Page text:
distribution panels, and the complete wiring system used on ships, rheostats, con- 
trollers and circuit breakers, work with motors for turret training, gun elevating, and gun 
loading equipment, a study of all means of electrical communication, the methods of measuring 
resistances and a thorough course in the location and correction of faults in the installation 
of a ship. The laboratory is fully equipped, having everything found on board a man-of-war. 
The installation is complete in every detail and during the many drills and practical work periods 
we are required to run the machines ourselves. During the sumer we stand regular electrician's 
watches and wireless watches and so become thoroughly familiar with the practical operation of 
the plant and with the sending and receiving of wireless messages. 



ullir irpartmntt of lEnglisl? 
Qlnmmatti^r £. ii. lurrll. 1. g>. Nairn 


Professor A. N. Brown, U. S. N. A. 

Professor W. O. Stevens, U. S. N. A. 
Instructor G. P. Coleman, U. S. N. A. 
Instructor C. S. Alden, U. S. N. A. 
Instructor H. J. Fenton, U. S. N. A. 
Instructor C. M. Hatha way, Jr., U. S. N. A. 
Instructor H. C. Washburn, U. S. N. A. 
Instructor W. B. Norris, U. S. N. A. 
Instructor H. F. KraFft, U. S. N. A. 
[nstructor C. 11. Foster, U. S. N. A. 


Zhe ^Department of English 

HE course in this subject extends over the first year and a half. 
Hill's Beginnings of Rhetoric and La Mont's English Composi- 
tion are studied first to insure a thorough knowledge of the 
principles of expression. Themes on original subjects are 
required in great number, the idea being not so much to cul- 
tivate originality of thought as to give exercise in its correct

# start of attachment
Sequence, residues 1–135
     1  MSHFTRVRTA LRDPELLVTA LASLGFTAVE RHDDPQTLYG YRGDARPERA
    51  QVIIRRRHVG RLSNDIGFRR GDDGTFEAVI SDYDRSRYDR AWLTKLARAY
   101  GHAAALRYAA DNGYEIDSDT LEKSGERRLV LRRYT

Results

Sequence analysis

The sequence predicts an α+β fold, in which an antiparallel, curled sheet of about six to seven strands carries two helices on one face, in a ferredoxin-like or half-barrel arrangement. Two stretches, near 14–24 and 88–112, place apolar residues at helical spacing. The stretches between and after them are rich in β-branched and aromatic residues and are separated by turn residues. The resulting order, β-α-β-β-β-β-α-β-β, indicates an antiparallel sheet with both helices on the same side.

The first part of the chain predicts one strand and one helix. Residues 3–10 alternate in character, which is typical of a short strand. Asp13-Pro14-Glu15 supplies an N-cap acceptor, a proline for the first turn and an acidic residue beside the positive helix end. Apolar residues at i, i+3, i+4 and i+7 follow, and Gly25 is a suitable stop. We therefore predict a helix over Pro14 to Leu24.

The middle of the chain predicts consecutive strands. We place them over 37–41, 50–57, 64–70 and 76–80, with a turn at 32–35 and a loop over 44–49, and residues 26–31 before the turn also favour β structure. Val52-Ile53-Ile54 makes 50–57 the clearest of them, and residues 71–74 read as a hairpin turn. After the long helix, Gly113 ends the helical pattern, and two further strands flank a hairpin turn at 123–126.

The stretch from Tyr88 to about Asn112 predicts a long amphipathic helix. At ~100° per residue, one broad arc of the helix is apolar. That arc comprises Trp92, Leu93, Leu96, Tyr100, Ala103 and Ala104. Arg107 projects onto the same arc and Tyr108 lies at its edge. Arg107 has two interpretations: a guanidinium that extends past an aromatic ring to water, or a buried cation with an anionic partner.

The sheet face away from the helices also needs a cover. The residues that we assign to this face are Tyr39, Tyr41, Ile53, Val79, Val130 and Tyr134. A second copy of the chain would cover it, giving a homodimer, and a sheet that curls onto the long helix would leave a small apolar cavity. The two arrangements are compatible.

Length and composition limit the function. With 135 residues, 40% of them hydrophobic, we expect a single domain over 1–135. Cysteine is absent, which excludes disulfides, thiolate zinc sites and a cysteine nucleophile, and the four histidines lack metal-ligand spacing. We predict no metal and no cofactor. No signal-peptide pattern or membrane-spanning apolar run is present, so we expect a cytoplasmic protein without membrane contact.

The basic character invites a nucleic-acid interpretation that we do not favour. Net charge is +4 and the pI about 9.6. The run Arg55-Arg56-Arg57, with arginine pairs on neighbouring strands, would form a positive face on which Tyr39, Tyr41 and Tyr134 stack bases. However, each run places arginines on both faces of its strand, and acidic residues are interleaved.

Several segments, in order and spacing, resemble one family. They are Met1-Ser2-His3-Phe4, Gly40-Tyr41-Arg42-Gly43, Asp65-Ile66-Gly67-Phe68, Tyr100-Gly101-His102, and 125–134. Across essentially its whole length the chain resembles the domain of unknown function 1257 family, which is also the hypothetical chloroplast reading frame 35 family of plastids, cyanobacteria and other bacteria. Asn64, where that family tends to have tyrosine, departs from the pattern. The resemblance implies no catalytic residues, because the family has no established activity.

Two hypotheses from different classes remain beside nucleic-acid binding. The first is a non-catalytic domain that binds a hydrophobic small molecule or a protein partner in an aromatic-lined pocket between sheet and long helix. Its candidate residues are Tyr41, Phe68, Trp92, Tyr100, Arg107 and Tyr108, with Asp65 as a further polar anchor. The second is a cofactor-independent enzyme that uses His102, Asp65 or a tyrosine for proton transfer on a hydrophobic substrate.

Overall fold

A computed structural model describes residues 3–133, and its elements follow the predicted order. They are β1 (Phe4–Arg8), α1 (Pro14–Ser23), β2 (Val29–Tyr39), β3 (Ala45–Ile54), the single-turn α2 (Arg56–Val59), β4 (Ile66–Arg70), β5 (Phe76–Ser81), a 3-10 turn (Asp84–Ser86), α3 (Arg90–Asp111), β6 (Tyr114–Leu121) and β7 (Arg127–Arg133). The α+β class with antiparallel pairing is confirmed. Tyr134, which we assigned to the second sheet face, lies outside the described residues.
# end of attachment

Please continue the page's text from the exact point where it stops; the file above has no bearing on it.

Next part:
expression. To this end our themes are most carefully cor- 
rected in accordance with suggestions from the instructors. Our 
work in the second term of Fourth Class year is mainly on 
the study of the Constitution of the United States. Theme 
work is continued along the same lines as in the first term. 
In Third Class year we study American Naval History, with 
the underlying idea of gaining knowledge of what has been 
done by our navy in the past and inspiration for what is to 'be done in the future. We read a 
number of English and American classics and recite on them, giving us illustrations 
and examples of various styles of writing and encouraging the reading of the best literature. 
Themes are required on the subject in hand, though themes on original subjects are from 
time to time asked for. A very useful part of the course is in the composition of official letters, 
dispatches, and telegrams in accordance with the forms prescribed by Navy Regulations. 




i % $i 


QIljc Stepartmnri of iHniirrn iCattiutaijca 

Eiratwrant-GIomtttaniiuer 8>. IT. (Sraljam 
1. g>. Nauif, iiraii nf S«partttt?nt 


Prof. Henri Marion, U. S. N. A. 

Prof. C. Y. Cusachs, U. S. N. A. 
Prof. P. J. des Garennes, U. S. N. A 
Prof. P. E. Yoinot, U. S. N. A. 
Instructor Gaston Costet, U. S. N. A. 
Instructor F. W. Morrison, U. S. N. A. 
Instructor Arturo Fernandez, U. S. N. A. 
Instructor W. E. Olivet, U. S. N. A. 
Instructor R. Bonilla, U. S. N. A. 
I. \ stria tor M. A. Colton. U. S. N. A. 


Zhc IDepartment of flftobern languages 

MILE languages conic under a minor department, the value of 
French and Spanish — "Dago" — to a naval officer cannot lie 
questioned. In the limited time available for the subject it is 
not possible for all of us to acquire fluency in speaking the 
languages, it being intended merely to have us acquire a thor- 
ough grounding in each language upon which to build a vocab- 
ulary as opportunity may offer after we get out into the service. 
During the first year we study Percy's La Langue FrancaLe, 
Marion's Le Verbe and the Elementary Course in French Pro- 
nunciation. In Third Class year Meras' Syntaxe Pratique and 
Guerlac's Standard French Authors are added to the text 
books and Spanish is started with the Elementary Course in